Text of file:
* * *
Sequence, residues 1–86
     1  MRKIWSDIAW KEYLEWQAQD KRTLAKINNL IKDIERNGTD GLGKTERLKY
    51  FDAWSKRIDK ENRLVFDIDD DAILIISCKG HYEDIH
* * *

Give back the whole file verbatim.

Sequence, residues 1–86
     1  MRKIWSDIAW KEYLEWQAQD KRTLAKINNL IKDIERNGTD GLGKTERLKY
    51  FDAWSKRIDK ENRLVFDIDD DAILIISCKG HYEDIH